Does Tracking and Feedback Boost Patrol Time in Hot Spots? Two Tests

Charlotte de Brito, Barak Ariel

Research output: Contribution to journalArticlepeer-review


Research Question
Do police officers complete more assigned patrols in targeted crime hot spots when their supervisors track and feedback data on the proportions of targeted patrols completed?
Uniformed police officers filled out ‘patrol cards’ indicating arrival and departure times at each scheduled hot spot patrol location within four large London railway stations, returning the cards to supervisors each shift. For the experiment, all patrol cards were forwarded to a central analysis unit, where they were digitised and turned into weekly reports for two of the four stations (test stations) but not the other two (control stations). The reports were expressed in a fraction composed of a denominator = numbers of hot spot locations assigned for patrols (which varied widely from day to day), and a numerator = number of locations at which patrols had been completed.
Each week for 3 weeks, the central analysis unit sent reports on ‘percent of assigned patrols completed’ by day of the preceding week to the commanders of the two test stations and to higher-level commanders. The test station commanders were required to ‘brief’ their patrol teams on the proportion of patrols completed. Two sites assigned to control conditions received no such information but were still required to conduct hot spot patrols as their business as usual.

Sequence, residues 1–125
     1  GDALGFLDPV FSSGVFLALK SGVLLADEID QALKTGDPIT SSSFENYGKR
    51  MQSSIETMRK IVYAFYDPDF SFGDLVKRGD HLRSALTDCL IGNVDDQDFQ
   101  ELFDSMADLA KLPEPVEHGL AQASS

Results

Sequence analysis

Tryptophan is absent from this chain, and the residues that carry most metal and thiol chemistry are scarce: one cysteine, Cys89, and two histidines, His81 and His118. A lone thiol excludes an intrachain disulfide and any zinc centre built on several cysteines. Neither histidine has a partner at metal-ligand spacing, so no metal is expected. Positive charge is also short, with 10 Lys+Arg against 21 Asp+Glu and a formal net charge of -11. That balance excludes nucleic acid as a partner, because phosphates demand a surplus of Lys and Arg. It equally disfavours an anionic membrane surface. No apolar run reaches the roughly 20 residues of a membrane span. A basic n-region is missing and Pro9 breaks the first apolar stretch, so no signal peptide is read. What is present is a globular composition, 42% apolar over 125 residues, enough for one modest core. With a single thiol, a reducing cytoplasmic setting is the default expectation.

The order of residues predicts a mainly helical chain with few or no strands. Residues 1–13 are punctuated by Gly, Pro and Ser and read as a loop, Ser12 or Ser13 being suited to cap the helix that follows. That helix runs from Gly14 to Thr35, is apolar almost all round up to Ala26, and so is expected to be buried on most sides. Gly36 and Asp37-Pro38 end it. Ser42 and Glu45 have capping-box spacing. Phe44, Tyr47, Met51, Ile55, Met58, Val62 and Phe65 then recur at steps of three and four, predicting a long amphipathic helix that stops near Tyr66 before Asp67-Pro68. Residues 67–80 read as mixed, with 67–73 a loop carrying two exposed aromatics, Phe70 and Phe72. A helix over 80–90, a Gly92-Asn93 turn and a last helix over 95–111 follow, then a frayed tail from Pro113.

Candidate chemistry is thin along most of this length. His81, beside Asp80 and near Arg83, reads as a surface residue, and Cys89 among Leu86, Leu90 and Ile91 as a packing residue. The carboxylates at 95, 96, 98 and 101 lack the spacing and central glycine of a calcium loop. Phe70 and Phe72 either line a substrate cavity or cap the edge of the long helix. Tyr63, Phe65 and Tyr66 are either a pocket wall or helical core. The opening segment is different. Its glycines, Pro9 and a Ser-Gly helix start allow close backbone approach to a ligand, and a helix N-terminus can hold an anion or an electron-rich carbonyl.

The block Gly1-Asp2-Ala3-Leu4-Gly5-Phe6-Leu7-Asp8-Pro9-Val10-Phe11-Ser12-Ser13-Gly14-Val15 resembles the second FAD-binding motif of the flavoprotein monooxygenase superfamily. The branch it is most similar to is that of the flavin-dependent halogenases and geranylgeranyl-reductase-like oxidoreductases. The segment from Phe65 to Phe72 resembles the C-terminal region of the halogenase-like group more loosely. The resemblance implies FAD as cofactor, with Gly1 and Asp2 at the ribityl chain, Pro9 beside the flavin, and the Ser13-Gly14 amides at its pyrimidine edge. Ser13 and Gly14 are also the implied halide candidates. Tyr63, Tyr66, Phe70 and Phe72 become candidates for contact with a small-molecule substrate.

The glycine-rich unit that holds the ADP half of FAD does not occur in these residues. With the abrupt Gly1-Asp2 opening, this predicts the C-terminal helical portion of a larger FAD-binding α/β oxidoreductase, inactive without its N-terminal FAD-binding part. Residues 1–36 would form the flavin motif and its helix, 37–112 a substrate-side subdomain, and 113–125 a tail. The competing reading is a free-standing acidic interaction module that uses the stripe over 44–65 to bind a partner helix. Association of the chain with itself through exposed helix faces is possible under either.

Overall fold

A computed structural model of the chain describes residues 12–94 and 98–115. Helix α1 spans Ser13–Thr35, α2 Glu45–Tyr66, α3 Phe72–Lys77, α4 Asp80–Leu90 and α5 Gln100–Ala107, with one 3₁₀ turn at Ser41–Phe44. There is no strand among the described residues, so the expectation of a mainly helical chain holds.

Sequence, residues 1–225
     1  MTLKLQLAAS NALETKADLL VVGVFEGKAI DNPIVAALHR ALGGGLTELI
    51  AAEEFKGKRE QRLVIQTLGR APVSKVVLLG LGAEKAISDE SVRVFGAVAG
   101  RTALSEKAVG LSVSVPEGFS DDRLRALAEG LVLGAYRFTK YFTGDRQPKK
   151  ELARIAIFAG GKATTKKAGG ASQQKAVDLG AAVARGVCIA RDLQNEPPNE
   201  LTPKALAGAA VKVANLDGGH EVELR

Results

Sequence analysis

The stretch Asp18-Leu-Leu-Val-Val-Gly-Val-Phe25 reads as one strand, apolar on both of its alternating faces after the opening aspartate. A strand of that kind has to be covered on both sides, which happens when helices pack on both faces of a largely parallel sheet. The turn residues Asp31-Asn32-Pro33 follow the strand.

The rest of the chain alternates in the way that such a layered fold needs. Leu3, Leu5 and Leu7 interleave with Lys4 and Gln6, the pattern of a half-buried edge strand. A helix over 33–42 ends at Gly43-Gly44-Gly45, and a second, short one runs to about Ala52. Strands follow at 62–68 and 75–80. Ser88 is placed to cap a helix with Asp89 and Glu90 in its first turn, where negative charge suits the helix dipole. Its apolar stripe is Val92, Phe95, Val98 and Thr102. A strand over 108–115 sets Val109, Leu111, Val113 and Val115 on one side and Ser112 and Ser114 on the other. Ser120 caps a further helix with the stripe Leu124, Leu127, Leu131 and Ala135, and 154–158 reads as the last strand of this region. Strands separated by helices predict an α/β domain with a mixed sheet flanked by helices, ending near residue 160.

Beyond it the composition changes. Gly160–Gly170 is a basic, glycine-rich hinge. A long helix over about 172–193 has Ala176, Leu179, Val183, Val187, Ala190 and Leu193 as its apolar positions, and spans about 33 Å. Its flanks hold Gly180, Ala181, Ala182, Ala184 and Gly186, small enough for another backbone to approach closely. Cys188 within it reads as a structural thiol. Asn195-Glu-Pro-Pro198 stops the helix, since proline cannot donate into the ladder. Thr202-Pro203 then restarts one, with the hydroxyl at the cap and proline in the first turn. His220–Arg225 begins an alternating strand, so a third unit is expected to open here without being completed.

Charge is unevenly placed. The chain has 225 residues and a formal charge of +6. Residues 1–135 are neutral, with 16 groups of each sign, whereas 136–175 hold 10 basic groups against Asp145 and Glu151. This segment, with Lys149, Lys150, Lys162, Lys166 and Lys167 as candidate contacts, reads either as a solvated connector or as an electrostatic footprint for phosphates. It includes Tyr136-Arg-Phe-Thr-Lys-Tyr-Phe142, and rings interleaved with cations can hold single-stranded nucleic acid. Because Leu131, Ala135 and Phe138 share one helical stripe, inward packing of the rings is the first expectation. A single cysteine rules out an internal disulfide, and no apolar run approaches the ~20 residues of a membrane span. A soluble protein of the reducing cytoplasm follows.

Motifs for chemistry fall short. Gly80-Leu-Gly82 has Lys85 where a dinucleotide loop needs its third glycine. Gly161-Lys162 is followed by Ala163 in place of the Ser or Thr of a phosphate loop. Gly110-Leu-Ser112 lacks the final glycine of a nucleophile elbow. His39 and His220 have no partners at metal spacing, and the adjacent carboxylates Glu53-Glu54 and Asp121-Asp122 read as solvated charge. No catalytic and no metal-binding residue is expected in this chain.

One test station showed a 22% increase in assigned patrols completed, but the second test station showed no discernible effect of tracking and feedback compared to control conditions. These differences between test site results were associated with different leadership histories, turnover and communication styles in each site.
Patrol dosage feedback was followed by increased patrol dosage delivered in relation to matched control sites, but only in one of two tests. These mixed findings suggest the potential value of further research on tracking and feedback, specifically addressing the communication methods, rewards and penalties for line officers responding to the feedback.
Original languageEnglish
Pages (from-to)244-262
Number of pages19
JournalCambridge Journal of Evidence-Based Policing
Issue number4
StatePublished - 1 Oct 2017


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